Major reasons for the emergence of biological network analysis [1–4] are the extensive use of computer systems during the last decade and the availability of highly demanding and complex biological data sets. For instance, important types of such biological networks are protein-protein interaction networks [5–7], transcriptional regulatory networks [8, 9], and metabolic networks [7, 10, 11]. Note that vertices in such biological networks can represent, e.g., proteins, transcription factors or metabolites which are connected by edges representing interactions, concentrations or reactions, respectively [3, 12]. Thus, vertex-and edge-labeled graphs is an important graph class [13, 14] and useful for modeling biological networks [3]. To name only some well-known examples or methods which have often been applied within biological network analysis, we briefly mention graph classes like scale-free and small-world networks [15, 16], network centralities [12, 17], module and motif detection [18–20], and complexity measures for exploring biological networks structurally [21, 22].

Taking into account that a large number of graph-theoretical methods have been developed so far, approaches to process and meaningfully analyze labeled graphs are clearly underrepresented in the scientific literature. In particular, this holds for chemical graph analysis where various graph-theoretical methods and topological indices have been intensely used, see, e.g., [23–34]. Yet, we state a few examples where such graphs appear in the context of biological network analysis: Structure descriptors to determine the complexity of pathways representing labeled graphs have been used to examine the relationship between metabolic and phylogenetic information, see [22]. Another challenging task relates to determine the similarity between graphs or subgraphs [35–38]. For instance, YANG et al. [38] recently developed path-and graph matching methods involving vertex-and edge-labeled graphs which turned out to be useful for biological network comparison [38]. Finally, to utilize graph-theoretical concepts for investigating graphs and labeled graphs within molecular biology, HUBER et al. [39] reviewed several existing software packages and outlined concrete applications [39].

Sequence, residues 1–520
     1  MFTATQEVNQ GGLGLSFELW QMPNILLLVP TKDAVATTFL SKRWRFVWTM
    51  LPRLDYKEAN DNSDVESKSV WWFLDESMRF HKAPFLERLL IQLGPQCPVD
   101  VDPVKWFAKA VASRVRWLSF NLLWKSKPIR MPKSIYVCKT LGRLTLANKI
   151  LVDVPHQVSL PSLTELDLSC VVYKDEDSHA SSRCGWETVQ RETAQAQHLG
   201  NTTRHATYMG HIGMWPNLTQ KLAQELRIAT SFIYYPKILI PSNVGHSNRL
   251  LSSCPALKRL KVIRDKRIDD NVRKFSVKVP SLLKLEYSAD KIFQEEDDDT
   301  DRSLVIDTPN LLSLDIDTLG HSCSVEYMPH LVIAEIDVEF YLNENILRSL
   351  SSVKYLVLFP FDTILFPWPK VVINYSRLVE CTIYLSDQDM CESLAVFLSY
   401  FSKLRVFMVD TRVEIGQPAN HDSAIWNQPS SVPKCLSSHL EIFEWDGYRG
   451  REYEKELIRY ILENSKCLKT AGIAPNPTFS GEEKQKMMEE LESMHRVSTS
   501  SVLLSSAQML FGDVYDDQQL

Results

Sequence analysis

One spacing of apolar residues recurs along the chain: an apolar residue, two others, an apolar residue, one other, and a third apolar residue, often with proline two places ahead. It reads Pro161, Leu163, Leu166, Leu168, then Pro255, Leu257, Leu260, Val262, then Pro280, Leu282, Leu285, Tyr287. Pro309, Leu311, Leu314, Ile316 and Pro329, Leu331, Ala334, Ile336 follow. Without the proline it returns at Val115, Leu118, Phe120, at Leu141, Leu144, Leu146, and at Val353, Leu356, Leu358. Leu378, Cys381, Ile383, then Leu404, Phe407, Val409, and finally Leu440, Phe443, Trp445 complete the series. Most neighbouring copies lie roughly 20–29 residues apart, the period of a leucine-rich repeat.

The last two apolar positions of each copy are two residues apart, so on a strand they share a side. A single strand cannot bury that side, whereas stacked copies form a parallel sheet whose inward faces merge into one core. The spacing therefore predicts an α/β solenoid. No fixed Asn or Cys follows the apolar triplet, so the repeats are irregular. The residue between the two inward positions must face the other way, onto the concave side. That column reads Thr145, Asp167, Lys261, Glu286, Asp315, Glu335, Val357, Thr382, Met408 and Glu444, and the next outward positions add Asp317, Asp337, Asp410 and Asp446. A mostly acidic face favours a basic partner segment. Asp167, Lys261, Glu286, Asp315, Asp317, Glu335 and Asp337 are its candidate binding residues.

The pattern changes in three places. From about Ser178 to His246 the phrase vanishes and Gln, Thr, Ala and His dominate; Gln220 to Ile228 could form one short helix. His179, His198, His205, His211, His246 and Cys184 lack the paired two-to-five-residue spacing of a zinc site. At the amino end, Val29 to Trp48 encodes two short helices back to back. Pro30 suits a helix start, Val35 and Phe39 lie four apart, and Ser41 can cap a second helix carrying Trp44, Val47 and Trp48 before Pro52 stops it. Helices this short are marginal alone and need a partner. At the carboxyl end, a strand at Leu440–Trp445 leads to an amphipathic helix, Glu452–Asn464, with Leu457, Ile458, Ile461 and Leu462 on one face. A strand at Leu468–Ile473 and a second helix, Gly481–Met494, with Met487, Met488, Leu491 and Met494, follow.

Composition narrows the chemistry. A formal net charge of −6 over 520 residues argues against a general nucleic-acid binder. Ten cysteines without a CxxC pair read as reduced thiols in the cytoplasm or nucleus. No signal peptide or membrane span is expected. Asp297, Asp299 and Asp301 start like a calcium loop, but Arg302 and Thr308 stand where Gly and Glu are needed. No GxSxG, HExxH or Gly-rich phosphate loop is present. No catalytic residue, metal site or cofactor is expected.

In this paper, we restrict our analysis to a set of bio-chemical graphs which have already been used for predicting Ames mutagenicity, see [40]. To perform this study, we develop and investigate entropic descriptors for vertex- and edge-labeled graphs. Before sketching the main contributions of our paper, we state some facts about topological descriptors which have been used in mathematical chemistry, drug design, and QSPR/QSAR.

As already mentioned, topological indices have been proven to be powerful tools in drug design, chemometrics, bioinformatics, and mathematical and medicinal chemistry [23, 24, 26, 28, 29, 34, 41–43]. Certainly, one reason for their success can be understood by the fact that there is a strong need to apply empirical models to solve QSPR (Quantitative structure-property relationship)/QSAR (Quantitative structure-activity relationship) problems [24, 28, 29, 44] and related tasks in the just mentioned areas. In this paper, we put the emphasis on developing novel molecular descriptors for tackling a problem in QSAR: We will use structural property descriptors of molecules based on SHANNON' s entropy for predicting Ames mutagenicity, see [40, 45–47]. Generally, we note that the problem of detecting mutagenicity in vitro is based on the bacterial reverse mutation assay (Ames test) and often serves as a crucial tool in drug design and discovery [40, 45–47].